Scott Cooper’s grim, thoughtful revisionist western “Hostiles” opens with the D.H. Lawrence observation, “The essential American soul is hard, isolate, stoic and a killer.”
Its protagonist, Capt. Joseph Blocker, initially fits that diagnosis; he is not a hero, never was and never will be. He’s a cavalry soldier in 1892 New Mexico who has witnessed slaughter and survived with scars of his own. His enemies were not invaders but Native Americans standing against forced resettlement and extermination through the principle of Manifest Destiny, the notion that the United States was ordained by God to dominate North America.
While today’s historians equate that territorial expansion’s atrocities with what the Holocaust is to Jewish people, and slavery to African-Americans, Blocker interprets it differently. His job is to suppress violent resistance to the law of the land. He is an ice-cold enforcer prepared to maintain order by any means necessary. The concepts behind that assignment were not part of his job description.
Blocker is the kind of distressing, morally discordant antihero that Christian Bale can play like a Stradivarius violin. In “Hostiles,” we follow him through a tragic march of progression across a landscape of impending dread and grief. While the film is not a barrier-breaking melancholy landmark like “Unforgiven,” they share a mature, tight, grounded approach to heavy subjects and a critical commentary on hand-me-down western tropes. It’s not the film I was expecting, but I respected what it is trying to do.
Rather than being glorified, violence is treated as one of mankind’s original sins. The film opens with a barbaric sequence of a Comanche raiding party murdering the husband, two daughters and infant son of Rosalie Quaid (Rosamund Pike). Following that, we encounter Blocker, famed for taking “more scalps than Sitting Bull himself.” Much to Blocker’s dismay, he’s ordered to escort the newly released Cheyenne chief Yellow Hawk (Wes Studi) and his family back to their Montana birthplace. Dying of cancer, Yellow Hawk wants to be buried in his homeland.
Blocker has spent his career battling the Cheyenne, whom he detests. Adding to his angst, Yellow Hawk killed several of his friends. But to pass the area’s Comanche bandits, Blocker grudgingly accepts that he must work with Yellow Hawk on the thousand-mile trek to the chief’s home.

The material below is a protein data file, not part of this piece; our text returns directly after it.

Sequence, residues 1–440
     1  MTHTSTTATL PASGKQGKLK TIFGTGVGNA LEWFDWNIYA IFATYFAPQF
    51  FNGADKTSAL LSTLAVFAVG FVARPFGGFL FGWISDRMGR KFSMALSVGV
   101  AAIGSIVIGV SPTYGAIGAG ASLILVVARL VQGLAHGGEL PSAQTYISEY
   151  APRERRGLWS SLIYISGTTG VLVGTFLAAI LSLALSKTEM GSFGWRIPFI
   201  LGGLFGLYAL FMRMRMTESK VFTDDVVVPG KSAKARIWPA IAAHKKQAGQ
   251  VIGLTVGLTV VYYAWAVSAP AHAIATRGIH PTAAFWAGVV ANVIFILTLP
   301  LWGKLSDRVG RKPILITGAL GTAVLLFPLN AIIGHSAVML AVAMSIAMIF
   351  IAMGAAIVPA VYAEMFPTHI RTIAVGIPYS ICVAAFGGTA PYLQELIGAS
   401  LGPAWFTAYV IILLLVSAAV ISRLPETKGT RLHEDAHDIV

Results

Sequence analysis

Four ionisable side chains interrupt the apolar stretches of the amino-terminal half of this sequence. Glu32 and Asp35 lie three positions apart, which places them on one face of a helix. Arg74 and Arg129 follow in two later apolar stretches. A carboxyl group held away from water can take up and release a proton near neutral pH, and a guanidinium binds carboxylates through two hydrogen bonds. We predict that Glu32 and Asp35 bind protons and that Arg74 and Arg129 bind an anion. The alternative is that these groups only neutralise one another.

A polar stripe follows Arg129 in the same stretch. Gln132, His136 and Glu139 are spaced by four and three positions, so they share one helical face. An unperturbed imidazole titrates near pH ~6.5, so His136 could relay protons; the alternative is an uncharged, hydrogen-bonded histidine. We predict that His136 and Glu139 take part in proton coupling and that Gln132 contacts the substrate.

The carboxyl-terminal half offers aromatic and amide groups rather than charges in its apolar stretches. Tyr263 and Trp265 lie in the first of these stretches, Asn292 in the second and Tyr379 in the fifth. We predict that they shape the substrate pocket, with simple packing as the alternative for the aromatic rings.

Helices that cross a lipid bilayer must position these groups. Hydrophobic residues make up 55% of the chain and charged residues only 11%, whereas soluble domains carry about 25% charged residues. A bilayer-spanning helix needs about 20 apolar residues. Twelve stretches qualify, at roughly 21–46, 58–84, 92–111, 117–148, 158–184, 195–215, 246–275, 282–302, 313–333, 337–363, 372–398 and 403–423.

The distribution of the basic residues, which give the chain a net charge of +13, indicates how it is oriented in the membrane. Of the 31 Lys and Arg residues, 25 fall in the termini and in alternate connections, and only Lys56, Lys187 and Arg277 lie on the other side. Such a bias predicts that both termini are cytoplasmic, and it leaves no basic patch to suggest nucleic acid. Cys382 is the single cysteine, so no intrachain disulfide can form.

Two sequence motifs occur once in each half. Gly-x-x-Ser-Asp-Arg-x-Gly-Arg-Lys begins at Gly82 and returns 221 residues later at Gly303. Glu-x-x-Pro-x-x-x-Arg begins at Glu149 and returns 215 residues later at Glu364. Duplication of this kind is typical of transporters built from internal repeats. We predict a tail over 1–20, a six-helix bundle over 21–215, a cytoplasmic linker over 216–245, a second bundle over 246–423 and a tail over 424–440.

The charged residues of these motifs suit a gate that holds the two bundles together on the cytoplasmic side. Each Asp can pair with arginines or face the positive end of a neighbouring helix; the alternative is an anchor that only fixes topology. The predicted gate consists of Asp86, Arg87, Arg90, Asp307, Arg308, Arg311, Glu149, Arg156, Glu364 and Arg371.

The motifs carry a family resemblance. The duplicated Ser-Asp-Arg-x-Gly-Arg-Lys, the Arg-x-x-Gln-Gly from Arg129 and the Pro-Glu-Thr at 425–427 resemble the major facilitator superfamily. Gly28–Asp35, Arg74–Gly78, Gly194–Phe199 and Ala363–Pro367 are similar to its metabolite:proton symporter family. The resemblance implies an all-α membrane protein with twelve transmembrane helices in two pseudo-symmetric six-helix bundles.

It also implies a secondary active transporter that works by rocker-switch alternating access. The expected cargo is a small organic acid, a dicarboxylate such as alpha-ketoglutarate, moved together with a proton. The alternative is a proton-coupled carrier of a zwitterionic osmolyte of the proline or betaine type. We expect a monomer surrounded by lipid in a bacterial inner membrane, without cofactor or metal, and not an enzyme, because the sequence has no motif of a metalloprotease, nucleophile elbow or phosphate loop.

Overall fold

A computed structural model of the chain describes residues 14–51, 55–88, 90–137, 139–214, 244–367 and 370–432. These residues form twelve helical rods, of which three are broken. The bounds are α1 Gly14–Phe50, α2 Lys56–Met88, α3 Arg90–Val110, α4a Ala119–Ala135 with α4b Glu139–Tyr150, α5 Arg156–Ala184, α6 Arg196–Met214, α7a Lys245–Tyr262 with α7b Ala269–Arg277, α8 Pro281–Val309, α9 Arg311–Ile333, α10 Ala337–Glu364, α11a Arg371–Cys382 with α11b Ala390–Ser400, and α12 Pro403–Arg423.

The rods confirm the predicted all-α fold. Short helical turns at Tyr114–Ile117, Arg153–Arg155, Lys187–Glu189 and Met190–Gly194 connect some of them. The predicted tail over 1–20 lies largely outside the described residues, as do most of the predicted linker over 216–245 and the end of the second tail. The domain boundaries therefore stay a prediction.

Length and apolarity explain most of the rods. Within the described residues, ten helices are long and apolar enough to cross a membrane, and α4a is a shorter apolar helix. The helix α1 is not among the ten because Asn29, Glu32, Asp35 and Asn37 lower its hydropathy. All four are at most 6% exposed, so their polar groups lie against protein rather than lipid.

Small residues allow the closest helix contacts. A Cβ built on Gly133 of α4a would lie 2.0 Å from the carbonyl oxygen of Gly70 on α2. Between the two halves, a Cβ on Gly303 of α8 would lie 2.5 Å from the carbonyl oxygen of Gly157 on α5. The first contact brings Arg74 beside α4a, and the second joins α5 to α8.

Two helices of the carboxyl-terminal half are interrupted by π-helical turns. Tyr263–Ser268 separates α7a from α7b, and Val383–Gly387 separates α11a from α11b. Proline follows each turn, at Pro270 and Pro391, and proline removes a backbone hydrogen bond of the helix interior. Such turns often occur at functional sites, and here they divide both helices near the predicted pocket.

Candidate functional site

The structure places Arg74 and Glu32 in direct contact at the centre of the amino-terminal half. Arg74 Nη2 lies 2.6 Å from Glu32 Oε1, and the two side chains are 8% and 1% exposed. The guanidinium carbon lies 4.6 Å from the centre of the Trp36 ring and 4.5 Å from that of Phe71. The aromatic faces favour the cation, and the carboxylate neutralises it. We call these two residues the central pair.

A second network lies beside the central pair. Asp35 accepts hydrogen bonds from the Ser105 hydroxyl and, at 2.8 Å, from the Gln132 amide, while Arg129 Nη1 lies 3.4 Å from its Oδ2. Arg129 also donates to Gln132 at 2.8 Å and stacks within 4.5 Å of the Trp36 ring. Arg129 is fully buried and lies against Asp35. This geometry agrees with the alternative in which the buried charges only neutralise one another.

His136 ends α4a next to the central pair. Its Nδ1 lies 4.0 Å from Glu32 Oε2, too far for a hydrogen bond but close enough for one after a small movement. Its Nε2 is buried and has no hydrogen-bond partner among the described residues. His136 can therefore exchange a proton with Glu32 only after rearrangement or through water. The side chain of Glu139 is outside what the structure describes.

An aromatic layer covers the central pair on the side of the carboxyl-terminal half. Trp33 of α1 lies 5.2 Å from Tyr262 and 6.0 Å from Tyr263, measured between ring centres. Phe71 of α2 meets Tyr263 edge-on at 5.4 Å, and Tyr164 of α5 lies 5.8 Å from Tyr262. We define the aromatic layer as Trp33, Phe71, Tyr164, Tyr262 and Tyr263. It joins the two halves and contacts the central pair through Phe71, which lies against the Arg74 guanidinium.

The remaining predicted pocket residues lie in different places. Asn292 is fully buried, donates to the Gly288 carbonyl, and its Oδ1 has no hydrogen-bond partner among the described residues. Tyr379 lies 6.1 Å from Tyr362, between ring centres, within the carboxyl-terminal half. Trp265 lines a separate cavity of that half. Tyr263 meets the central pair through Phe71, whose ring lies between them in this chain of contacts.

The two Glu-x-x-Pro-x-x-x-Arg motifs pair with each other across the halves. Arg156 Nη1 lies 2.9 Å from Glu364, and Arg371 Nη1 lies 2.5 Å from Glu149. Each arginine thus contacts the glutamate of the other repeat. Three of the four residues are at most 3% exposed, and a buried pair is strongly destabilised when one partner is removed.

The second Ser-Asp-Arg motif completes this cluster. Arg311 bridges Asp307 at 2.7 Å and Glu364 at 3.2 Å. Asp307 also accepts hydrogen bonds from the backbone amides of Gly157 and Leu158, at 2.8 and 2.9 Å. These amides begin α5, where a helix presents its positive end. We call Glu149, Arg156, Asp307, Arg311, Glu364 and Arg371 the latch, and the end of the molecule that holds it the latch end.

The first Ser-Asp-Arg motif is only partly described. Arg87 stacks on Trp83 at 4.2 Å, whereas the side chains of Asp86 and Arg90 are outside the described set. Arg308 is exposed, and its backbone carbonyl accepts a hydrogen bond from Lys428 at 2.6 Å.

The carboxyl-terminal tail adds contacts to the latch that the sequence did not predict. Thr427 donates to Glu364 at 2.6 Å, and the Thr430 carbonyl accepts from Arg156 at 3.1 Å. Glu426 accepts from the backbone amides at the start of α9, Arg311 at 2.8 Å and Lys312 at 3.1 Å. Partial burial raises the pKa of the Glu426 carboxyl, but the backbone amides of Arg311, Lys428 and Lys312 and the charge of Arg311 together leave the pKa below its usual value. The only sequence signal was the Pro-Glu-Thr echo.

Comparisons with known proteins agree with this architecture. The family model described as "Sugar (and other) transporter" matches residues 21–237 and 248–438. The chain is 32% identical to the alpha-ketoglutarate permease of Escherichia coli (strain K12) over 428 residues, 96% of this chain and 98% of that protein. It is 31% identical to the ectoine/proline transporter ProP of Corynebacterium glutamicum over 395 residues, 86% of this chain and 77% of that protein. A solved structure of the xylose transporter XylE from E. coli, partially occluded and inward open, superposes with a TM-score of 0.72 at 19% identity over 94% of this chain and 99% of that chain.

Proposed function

Shortly after setting out, they find the traumatized and exhausted Rosalie still clinging to the baby’s body. Rosalie rides with the group to reach a distant rail line that can take her back to the safety of the East Coast. Along the way they pass visually impressive locations that evocatively capture the West’s ominous beauty.
The narrative is Blocker’s journey past a history he’s not much proud of, with Native American actors Studi, Adam Beach and Q’orianka Kilcher (Bale’s co-star in “The New World”) providing a layered tapestry of resonant characters. Their part in the decades-long battles between settlers and natives is done. They simply want to move on, but Blocker is still internally at war.
Rosalie, who sees her traveling companions as separate from the Comanches who killed her family, emerges from her suicidal stupor and befriends the group. Between unnerving bloodbaths in which they all must work together to survive, a grudging respect forms between the parties. Meanwhile, Blocker faces a rising sense of personal remorse as his conscience begins to evolve. It’s a simplistic story line but an effective one.
Bale does outstanding work, revealing unexpected depths of intelligence and sensitivity. In one almost wordless, emotionally harrowing scene, he gives a private wet-eyed farewell to his most important friend, a hospitalized soldier (movingly played by Jonathan Majors) who is going downhill. It’s clear that there is an injured heart beneath Blocker’s stoic seriousness.
It’s unfortunate that the remarkably charismatic Studi didn’t get a role of equal complexity and screen time. Even Pike, at her most actor-ish here, gets more attention for her suffering than the Native American characters. There’s ample time for them to share their stories, given the film’s leisurely pace. Once again, the dominant culture — this time Hollywood — doesn’t want to share.
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★★½ out of 4 stars
Rating: R for strong violence, and language. In English and subtitled Cheyenne.